Kwara State Governor, AbdulRahman AbdulRazaq, claimed on Thursday that at least N11.9bn of public funds was looted from the treasury of the state between 2011 and 2019, under the administration of the immediate past governor, Abdulfattah Ahmed.
The Governor, in a statement on Thursday, attributed the alleged malfeasance to a forensic audit report, adding that the huge funds were not tied to any lawful project or programme.
He said the audit also showed that N2bn cash withdrawals, which were not tied to any project or official expenditure, were made within eight days in February 2019, barely one month before the general election.
The Governor, while addressing a partner at the SSAC and Professionals, Anthony Iniomoh, during the submission of the audit report, said, “I know that there were certain deliberate efforts to obstruct your work. That was why it has taken some time because you have made certain complaints about that and we tried to push those that were supposed to open the doors to make the doors easy for you.
“Your report, like others, will help us to steadily put the state in the right direction to deepen transparency and accountability. We will go through the report fully and look into your recommendations.
“With few things you said to know, it is mind-boggling, especially withdrawing cash of over N2bn a month to the election and all sorts of infractions that took place. Certainly, we shall progress from here and do the needful.”
The statement added that the audit report from SSAC and Professionals revealed colossal pilfering of N11, 981,268,709 with recommendations of recovery.
Quoting the audit report, the statement read in part, “Similarly, we recommended to the state government to prosecute certain officers and companies in addition to claiming exemplary damages on transactions totalling N6,023,358,444, amongst other key findings.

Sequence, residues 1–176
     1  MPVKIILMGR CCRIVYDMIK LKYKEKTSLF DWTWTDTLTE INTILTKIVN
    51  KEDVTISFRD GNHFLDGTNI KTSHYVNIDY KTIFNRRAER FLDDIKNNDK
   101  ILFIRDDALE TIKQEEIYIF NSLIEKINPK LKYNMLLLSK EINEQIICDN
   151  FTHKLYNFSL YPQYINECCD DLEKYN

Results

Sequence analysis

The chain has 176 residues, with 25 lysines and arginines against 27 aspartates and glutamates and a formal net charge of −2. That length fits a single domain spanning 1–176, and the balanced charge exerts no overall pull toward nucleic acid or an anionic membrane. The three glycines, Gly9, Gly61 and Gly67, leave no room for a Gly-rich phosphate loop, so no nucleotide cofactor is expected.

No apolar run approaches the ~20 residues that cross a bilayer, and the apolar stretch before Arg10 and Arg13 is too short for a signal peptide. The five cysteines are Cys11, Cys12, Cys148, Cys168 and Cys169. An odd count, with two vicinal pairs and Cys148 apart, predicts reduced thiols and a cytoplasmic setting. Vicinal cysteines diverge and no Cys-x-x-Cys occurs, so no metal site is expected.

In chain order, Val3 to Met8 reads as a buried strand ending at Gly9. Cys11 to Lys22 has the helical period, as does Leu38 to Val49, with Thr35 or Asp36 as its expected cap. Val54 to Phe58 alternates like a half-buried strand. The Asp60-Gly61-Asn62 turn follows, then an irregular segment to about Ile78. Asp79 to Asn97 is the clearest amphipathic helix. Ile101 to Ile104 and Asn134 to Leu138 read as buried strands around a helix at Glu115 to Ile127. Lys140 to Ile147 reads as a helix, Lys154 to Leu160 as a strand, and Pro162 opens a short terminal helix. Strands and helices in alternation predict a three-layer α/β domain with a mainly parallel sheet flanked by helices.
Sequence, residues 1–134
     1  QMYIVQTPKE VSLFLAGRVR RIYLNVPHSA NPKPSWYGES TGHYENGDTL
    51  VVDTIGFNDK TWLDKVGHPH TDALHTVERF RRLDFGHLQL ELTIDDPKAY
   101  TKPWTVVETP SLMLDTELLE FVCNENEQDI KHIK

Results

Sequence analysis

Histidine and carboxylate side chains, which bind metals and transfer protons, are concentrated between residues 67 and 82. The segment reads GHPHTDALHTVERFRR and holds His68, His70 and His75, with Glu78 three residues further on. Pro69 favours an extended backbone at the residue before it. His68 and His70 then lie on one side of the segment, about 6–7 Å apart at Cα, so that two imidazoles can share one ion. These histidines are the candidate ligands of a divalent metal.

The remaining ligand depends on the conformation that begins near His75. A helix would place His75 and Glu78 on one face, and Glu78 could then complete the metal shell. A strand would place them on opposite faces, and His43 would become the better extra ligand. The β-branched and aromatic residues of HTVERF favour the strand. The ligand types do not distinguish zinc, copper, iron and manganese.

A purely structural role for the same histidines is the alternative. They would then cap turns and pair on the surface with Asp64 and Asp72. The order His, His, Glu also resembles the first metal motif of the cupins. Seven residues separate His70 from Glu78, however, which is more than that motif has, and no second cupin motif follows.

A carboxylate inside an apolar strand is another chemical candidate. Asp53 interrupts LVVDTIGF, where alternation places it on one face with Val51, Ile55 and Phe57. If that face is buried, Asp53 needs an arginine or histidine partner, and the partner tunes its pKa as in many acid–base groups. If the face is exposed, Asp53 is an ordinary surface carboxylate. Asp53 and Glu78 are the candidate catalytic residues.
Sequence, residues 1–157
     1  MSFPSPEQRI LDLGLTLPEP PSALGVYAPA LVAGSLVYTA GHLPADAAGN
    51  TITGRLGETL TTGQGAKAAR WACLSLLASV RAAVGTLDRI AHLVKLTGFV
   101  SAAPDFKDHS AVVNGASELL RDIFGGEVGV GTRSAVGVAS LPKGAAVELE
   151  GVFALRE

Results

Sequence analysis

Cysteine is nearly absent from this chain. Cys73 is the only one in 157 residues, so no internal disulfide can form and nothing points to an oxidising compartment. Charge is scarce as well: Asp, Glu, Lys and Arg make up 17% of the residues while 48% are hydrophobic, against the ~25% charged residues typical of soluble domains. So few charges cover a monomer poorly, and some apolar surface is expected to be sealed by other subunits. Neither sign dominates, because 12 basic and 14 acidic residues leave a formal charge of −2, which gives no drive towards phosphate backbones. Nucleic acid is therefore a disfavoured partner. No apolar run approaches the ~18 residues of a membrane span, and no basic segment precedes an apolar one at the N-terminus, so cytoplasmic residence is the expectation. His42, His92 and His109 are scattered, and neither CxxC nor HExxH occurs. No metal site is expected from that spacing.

“This is especially so in the cases of firms that we observed were paid huge public funds without any evidence of work done on record. In one instance, records show that a firm that was incorporated at the Corporate Affairs Commission on 14th June 2016, was paid by the state government for a contract it purportedly executed for the state in April of the same year. It became apparent that this was a preconceived attempt to defraud the state.
“There was also a cash withdrawal within eight days of N2.06bn in February 2019, which was of interest to the audit. However, no documentation was made available to validate the purpose for which the money was withdrawn. There were also several other cash withdrawals within the state over the period running into billions of Naira which we could not validate. The elements of these loans could not be validated. Above all, the bank accounts to which these loans were disbursed and what the loans were used for could not be established or validated.”
However, the former Governor, who spoke through his Chief Press Secretary, Wahab Oba, during a telephone chat with Daily Trust, described the allegations as preposterous, naive, unspecific and generally unfounded.
He said every expenditure during the period under review was properly appropriated and followed due process.
“Since we left office more than three years ago, the accounts have been properly audited by various auditing agencies and had been certified. Any query now, six months to the election, on the legality or otherwise of the expenditure is an afterthought and politically motivated.
“Rather than search for what is not lost or embark on a political vendetta, this government should account for more than N300bn accruing to it in the last three years without commensurate infrastructural development. The debt profile of this government is unprecedented in the history of Kwara State. As of today, Kwara State is paying not less than N1.3bn monthly as interest on various largely unaccounted-for loans.
“As recently confirmed by His Excellency, AbdulRsham AbdulRazak, in his guided chat with his media agents, N17bn out of N27bn bond is ‘sitting in a bank’ while the state continues to pay interest on it. This raises a lot of questions as to the reason the bond was taken in the first place.
“The Governor should tell Kwarans when last he held a State Executive Council meeting to approve various contracts and other expenditures. Time of reckoning is here,” he added.